The Lindbergh Babies took the stage after the Mnemonics to pick us all back up. They are a female fronted group that played a fast-paced punk which is just on the edge of some metal stuff. They are another band I had somehow never seen perform and it was a great time. The band also featured Jon Kiely again, back behind the drums rocking out. My favourite tune from their performance was the rocking “You Don’t Know.”
Steady Shakes killing it at House of Targ in Ottawa, ON.
The final band on the bill was the Steady Shakes. The garage-rock band are great and the lead singer, Cameron Lydall’s voice really stands out and sticks with me. It has that real punk rock rasp that I love from the old school punk bands I grew up discovering. Steady Shakes are another great local act who released some sweet music this year. I should also mention that Ian, the bassist of one of longest-running punk bands The Creeps, also plays bass for Steady Shakes. Their five-song demo will take you back in time to 80s punk rock, in sound and lyrical content. They are a must see and must listen for sure.
Just when we thought it was time to go home and call it a night, around 12:50 to be precise, Chris Cook took to the stage to say thank you. But he was not alone on stage, he was joined by Jon Kiely, Mel Sturk and Dave Banoub. Yup you read correctly, The Allrights did a little one song reunion song. They played crowd favourite “Little Black Book,” and sent us all on our way on a high note. What a night!
A drunk and entertaining Jon Creeden, a moving and very real Jesse LeBourdais, and a “loud” Fresh Hell played the first ever show at Minou’s House Monday night.
Cory Levesque getting ICED.
Setting the stage was Jean-Sebastien getting revenge on Cory and one-litre icing him. For those that don’t know, icing is when you present someone with a Smirnoff Ice and say “iced” to them. They must then chug the bottle. This excited Jon Creeden who said, “You’re bringing icing back? Sweet! I’ve been waiting two years for this.” Cory chugged down that one litre and as much as it hurt me to watch, it was clearly a much worse experience for him.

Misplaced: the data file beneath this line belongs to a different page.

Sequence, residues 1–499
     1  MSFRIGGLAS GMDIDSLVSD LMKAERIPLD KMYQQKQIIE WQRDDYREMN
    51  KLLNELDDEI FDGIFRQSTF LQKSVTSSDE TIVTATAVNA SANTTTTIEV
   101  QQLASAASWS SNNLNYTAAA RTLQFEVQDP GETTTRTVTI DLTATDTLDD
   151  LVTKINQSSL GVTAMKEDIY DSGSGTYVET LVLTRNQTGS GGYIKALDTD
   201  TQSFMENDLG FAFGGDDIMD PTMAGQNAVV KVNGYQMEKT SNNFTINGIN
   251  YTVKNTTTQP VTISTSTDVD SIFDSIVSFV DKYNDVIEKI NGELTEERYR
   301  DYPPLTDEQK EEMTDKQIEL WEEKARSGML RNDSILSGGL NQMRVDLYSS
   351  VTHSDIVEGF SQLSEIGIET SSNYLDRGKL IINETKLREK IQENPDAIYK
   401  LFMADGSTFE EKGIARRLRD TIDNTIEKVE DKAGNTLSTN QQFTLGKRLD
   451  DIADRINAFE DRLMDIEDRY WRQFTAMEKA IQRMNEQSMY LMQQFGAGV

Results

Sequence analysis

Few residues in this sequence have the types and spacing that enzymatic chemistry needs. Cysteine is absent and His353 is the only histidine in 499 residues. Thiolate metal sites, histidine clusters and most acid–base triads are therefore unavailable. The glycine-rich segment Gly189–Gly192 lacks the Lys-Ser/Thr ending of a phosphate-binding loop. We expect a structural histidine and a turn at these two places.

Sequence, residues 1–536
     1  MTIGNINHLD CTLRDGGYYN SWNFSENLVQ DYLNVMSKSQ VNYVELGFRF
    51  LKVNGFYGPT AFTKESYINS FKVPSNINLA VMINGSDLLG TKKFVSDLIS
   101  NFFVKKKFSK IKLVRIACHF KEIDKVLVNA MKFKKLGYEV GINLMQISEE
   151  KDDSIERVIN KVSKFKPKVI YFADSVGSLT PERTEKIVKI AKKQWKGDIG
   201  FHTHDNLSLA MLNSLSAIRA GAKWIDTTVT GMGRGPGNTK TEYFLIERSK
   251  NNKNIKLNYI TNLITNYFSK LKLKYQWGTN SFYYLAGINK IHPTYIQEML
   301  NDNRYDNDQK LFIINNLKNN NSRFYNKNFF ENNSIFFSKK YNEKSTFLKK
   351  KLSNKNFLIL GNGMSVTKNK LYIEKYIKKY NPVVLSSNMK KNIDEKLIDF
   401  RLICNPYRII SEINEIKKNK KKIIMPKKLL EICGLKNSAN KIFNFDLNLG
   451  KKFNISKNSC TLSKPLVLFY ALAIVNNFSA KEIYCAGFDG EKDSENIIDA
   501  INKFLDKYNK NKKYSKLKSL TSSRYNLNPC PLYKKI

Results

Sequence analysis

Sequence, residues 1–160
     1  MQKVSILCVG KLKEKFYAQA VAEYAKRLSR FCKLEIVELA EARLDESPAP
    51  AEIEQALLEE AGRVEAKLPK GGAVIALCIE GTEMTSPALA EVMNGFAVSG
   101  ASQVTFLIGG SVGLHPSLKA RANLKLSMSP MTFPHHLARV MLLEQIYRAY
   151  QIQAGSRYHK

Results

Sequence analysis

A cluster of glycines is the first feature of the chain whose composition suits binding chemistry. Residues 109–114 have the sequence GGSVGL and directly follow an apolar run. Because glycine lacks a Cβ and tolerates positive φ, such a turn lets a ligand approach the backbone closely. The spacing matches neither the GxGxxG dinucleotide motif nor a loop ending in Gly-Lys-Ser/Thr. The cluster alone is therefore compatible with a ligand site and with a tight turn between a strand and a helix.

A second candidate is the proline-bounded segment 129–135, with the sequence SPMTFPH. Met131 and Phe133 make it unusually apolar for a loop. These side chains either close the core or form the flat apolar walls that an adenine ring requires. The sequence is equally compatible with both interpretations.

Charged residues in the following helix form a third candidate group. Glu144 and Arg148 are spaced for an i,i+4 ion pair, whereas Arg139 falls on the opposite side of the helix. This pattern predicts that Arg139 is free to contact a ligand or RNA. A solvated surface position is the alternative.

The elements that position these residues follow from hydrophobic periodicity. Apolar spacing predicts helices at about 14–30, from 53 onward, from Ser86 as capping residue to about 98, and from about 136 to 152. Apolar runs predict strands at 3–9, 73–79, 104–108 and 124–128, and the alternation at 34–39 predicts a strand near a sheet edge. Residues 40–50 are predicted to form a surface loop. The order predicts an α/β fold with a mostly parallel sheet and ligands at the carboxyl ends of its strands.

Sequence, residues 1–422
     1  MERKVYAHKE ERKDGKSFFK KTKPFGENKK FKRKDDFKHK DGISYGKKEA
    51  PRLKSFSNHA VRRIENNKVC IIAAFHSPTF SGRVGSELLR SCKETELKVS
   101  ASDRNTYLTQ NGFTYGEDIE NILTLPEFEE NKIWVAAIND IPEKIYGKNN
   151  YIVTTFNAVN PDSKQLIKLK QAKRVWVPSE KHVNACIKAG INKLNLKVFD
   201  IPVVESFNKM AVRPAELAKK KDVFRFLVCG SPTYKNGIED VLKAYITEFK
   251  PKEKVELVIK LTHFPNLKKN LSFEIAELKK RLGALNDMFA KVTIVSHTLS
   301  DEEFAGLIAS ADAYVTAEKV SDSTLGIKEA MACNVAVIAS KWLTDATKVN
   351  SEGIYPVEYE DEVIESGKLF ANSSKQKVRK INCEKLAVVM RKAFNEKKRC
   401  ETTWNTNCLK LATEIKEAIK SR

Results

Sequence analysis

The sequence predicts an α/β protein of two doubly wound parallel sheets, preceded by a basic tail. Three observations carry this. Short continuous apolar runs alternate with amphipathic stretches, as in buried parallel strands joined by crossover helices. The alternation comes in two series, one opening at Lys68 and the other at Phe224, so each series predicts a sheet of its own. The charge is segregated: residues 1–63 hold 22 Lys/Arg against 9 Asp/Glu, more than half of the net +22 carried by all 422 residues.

On the crisp fall night Fresh Hell got things started in the backyard. What could possibly go wrong having a punk rock band amped up and play in a subdivision in Little Italy? We were about to find out. The band opened with their “bangers,” to quote drummer Vance McBride, playing “Surrounded” as they were surrounded by 20 or more of their friends and then “Home” which they were playing outside of guitarist Cory Levesque’s house. Well played gang. Fresh Hell then played “Not Alone” and seamlessly transitioned into “Things Go Away.” So smooth. Then came the shouting from some neighbour, “Sounds like crap,” and then depending on who you ask, either “turn it up,” or “turn it down.” The band played a few more songs and began to tear down as a police officer came up the driveway. He issued a warning informing them that four noise complaints had been placed, but said if the rest of the fundraiser was acoustic it could continue.
The show was in fact a fundraiser for Ottawa Rock Camp for Girls and Cory’s girlfriend Megan Snider made amazing vegan chili, curry and home-made pita bread.
Next up was the very talented Jesse LeBourdais. I have always been fascinated by these solo punk rock acoustic guitarist types. They always deliver such awesome lyrics that ring close to home no matter where they are from. Case in point, LeBourdais is from B.C. and the amazing opening lines to the first song he played “Welcome” were, “There is a pile of records sitting on my floor right now, they’ve been waiting for my dirty hands to get clean enough to hold, somewhere in that pile there is something that will hold me and won’t let go, when the needle finds a vein in the groove it goes right into my soul.” Now those are lyric after my heart. LeBourdais continued with another song off his latest album Long Winter, playing “Breathing In/Out.” He probably felt right at home as a slight drizzle started during some of his songs about B.C. He concluded by inviting Jon Creeden to join him on guitar and Cory Levesque on harmonica to play “About Right” (video above). So glad to have finally met and watched LeBourdais play – go see him when he plays a city near you.